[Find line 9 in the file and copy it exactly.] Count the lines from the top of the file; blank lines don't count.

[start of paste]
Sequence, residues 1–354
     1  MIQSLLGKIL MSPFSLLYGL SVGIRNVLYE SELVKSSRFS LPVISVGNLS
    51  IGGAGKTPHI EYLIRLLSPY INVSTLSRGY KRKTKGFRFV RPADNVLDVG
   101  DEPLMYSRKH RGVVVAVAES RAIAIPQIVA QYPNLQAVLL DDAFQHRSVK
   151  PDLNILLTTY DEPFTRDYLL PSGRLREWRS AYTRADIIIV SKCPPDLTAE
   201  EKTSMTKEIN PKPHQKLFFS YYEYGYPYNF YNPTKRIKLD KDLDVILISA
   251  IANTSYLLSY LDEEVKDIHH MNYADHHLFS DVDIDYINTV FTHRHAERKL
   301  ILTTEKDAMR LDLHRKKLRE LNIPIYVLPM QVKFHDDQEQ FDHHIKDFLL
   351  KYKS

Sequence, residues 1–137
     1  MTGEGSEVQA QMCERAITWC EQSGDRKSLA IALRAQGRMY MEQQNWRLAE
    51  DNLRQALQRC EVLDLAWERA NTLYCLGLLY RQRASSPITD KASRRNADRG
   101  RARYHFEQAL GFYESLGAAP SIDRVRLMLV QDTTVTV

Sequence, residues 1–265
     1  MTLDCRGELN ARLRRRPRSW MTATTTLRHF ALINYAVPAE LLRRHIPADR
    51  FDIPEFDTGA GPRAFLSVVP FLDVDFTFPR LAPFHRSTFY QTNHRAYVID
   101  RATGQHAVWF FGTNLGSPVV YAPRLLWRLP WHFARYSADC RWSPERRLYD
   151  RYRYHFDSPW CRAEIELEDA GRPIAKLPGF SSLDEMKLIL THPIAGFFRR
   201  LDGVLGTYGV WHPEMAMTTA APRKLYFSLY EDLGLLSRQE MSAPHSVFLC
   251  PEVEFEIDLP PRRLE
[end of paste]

   351  KYKS